Developer Ira Smedra is vowing to pursue plans for his controversial Village Center Westwood development, despite growing doubts about the project's viability among community leaders.
"We will proceed with the original application," Smedra, president of the Arba Group development company, said last week. "We will finalize a schedule with the city in the next two to three weeks for hearings."
Even so, both supporters and opponents of the 450,000-square-foot retail-entertainment mall say the future of the project is clouded after state legislation to ease the way for the development was withdrawn from the Senate Judiciary Committee last month.
"I'm not sure where it's at. I am concerned," said Frank Ponder, general manager of Bel Air Camera and co-president of the Westwood 2000 group, which was formed to show support for the $84 million development.
"I would like to see it go forward," Ponder said. "The empty space is an eyesore."
Neighborhood activist Laura Lake, who says the project is too big for the Village, said she is convinced the center is no longer viable without the legislation sought by Smedra.
"The project has to crumble," said Lake, president of Friends of Westwood. "We used to say he was rearranging deck chairs. Now he's counting lifeboats and preservers."
The Village Center Westwood, which would include a Ralph's supermarket, a Long's drug store and a 3,400-seat multiplex cinema, is planned for an area bounded by Glendon, Weyburn and Tiverton avenues near UCLA.
As part of the development, Smedra has proposed closing Glendon Avenue as a through street.
AB 1768, authored by Assemblyman Kevin Murray, D-Los Angeles, would have eased the building process by allowing construction to begin without waiting for claims to be settled with property owners affected by the street closure.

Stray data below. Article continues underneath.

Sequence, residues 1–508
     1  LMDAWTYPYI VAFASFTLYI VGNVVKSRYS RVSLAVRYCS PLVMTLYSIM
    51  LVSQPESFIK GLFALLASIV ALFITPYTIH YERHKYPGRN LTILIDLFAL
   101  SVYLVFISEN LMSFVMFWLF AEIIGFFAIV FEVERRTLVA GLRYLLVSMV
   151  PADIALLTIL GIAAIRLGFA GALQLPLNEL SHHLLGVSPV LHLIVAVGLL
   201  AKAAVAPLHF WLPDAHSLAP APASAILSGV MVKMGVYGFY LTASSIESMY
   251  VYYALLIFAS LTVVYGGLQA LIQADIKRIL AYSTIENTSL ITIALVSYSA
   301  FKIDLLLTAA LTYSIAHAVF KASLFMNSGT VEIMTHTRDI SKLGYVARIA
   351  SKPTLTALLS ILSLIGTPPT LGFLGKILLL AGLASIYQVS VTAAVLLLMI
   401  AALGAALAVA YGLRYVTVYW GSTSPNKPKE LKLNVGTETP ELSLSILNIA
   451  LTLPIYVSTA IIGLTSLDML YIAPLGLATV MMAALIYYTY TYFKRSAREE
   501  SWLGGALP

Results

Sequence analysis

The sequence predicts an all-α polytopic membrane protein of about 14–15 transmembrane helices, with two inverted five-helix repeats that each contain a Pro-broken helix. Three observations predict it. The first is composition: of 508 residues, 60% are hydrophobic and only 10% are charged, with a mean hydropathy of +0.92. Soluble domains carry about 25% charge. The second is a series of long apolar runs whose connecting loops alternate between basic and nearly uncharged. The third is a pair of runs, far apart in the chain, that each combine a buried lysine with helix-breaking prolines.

Murray dropped the bill amid fierce opposition. But Allen Abshez, an attorney representing the developer, said the project can still be built without the legislation.
Under the original plan, Smedra was going to ask the city of Los Angeles to "vacate" the street. Under AB 1768, Smedra would have sought to close the street under a provision of state law regulating pedestrian malls.
With the failure of the bill, Smedra will now go back to asking the city to vacate the street, Abshez said. Under that scenario, nearby property owners could ultimately file damage claims against the city or developer for loss of easements to their property.
Abshez, however, said such claims would be "based on archaic court decisions" and predicted they would not be upheld.
In addition to the failure of the legislation, the project has been hit with other obstacles.
A series of public hearings on the project was postponed this summer after Smedra requested more time to resolve technical issues. Although no new date has been set, Smedra said he expects to have a new hearing schedule this month.
Another setback came last April with the death of Jack Ostrow, a key financial adviser to A & M; Records founders Herb Alpert and Jerry Moss, who are investors in the proposed center.
Smedra, however, said he has made a substantial investment in the project he would not disclose how much and is not about to back away from it.
Councilman Mike Feuer, who represents Westwood and supports the Smedra project, said he believes the obstacles can be overcome.
"I know they have committed to move forward with the project," Feuer said. "I do anticipate in the weeks ahead that they will come to the city and present what they want to with the proposal."
Local activists feel that the project doesn't conform to the Westwood Specific Plan, a blueprint for development in the Village crafted in 1984, that allows for a maximum of 6,030 theater seats a plateau that has already been reached.
Abshez said the Westwood seat cap was imposed before the explosion of theater venues in adjoining suburbs.
"People won't be driving from Simi Valley to see movies. That phenomenon of driving to Westwood for movies is not a problem," he said. "We won't repeat the problems of the past. Our customers will not be spilling over into the neighbors."
Meanwhile, business support for the project may be less solid than it was two years ago, before the commercial real estate market on the Westside came roaring back.
With several new restaurants slated to open in the coming months, the community is poised for unprecedented growth with or without Smedra's addition, said Jeffrey Knight, the owner of Maui Beach Caf & #233; in the Village.
Knight supports development of the site, which now encompasses a parking lot and empty buildings, but said he opposes the street closure. He was among those who flew to Sacramento to testify against AB 1768.
"We want some sort of anchor project on that site," Knight said. "It's one of the great pieces of real estate in L.A. But the project needs to be more retail-friendly to the area. To shut down the arteries to UCLA is suicidal."
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